MANILA -- The Philippine central bank on Thursday hiked its policy rate to its highest level in almost a decade in a bid to stem inflation and provide support to the local currency.
At its sixth meeting this year, the Bangko Sentral ng Pilipinas raised its benchmark rate by 50 basis points, to 4.5%, its highest mark since March 2009. The BSP said another strong monetary response was necessary to rein in inflation expectations and keep suppliers from passing along rising costs.
BSP Deputy Gov. Chuchi Fonacier said the policy rate hikes in 2018 "was warranted amid persistent signs of broadening price pressures" and ease the pressure on the Philippine peso.
The BSP has cumulatively raised interest rates by 150 basis points this year, after nearly four years of keeping a steady policy hand.
Inflation in the Philippines hit 6.4% last month, the highest rate in almost a decade, as food and oil prices soared. The peso, meanwhile, is at its weakest point against the dollar in 13 years, dropping to P54.33 on Wednesday, a day before the BSP hiked rates.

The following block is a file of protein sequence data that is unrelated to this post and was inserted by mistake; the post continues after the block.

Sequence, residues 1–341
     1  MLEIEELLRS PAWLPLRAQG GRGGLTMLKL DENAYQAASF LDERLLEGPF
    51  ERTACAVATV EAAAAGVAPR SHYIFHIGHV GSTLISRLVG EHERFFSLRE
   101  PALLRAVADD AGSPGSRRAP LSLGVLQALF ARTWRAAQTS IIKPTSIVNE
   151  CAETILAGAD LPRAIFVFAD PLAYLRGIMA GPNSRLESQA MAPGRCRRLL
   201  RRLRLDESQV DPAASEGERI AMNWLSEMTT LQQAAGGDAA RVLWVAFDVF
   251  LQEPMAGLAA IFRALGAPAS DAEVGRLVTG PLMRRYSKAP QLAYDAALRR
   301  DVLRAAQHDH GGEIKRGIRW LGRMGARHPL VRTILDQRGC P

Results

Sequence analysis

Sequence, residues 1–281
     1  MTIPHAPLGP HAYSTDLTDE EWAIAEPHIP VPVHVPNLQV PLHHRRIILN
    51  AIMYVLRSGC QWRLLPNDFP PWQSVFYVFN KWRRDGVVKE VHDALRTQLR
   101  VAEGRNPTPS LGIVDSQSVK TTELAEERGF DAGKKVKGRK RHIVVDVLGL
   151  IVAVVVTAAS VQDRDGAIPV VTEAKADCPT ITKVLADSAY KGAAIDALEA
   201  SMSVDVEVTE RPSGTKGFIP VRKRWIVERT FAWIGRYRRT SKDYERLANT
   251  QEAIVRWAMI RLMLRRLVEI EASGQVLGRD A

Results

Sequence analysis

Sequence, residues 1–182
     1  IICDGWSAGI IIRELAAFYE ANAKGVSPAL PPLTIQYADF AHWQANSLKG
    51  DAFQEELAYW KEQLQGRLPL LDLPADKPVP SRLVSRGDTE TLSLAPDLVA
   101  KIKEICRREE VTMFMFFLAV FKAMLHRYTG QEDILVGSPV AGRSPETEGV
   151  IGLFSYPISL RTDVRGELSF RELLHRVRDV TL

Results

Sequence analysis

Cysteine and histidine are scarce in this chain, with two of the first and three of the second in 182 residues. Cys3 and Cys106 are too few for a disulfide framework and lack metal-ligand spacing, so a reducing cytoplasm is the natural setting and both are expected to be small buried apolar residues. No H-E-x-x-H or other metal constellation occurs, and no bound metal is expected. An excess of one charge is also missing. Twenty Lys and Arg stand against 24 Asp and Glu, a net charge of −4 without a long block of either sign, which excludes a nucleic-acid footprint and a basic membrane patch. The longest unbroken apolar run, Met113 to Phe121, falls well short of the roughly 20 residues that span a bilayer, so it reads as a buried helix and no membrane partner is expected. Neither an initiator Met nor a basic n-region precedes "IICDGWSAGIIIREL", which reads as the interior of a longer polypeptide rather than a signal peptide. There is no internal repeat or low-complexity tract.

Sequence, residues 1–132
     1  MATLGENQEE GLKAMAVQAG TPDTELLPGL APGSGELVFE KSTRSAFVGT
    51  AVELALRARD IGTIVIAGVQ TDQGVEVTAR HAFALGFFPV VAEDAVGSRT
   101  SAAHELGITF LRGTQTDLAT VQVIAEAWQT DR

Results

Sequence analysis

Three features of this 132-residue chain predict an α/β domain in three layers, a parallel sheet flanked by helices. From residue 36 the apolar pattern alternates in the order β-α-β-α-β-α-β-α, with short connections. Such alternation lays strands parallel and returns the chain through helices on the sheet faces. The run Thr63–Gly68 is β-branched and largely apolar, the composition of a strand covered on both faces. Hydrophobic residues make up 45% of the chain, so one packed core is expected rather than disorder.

President Rodrigo Duterte's "Build, Build, Build" infrastructure program and the growing domestic economy has widened the country's trade deficit to $22.49 billion, 72% higher on the year, and led to the peso's depreciation against the greenback.
Under pressure, the central bank had considered an extraordinary meeting ahead of today's regular policy assessment.
The BSP expects inflation to breach the central bank's 2-4% target range this year and in 2019.
Prices could remain elevated in the wake of Typhoon Mangkhut, which earlier this month pummeled the country's northern regions and damaged an estimated 27 billion pesos ($497 million) worth of agricultural goods.
Nicholas Antonio Mapa, economist at ING Bank N.V. Manila said the BSP will likely need to remain hawkish even after the Thursday rate hike as inflation expectations remain elevated.
"BSP is likely to hike at least one more time before the close of the year," Mapa said.
Duterte took his own steps to curb inflation ahead of the central bank meeting. In an administrative order made public on Tuesday, Duterte ordered the Trade Department, National Food Authority and Sugar Regulatory Administration to ease restrictions of food imports, lift nontariff barriers and make commodities immediately available to consumers.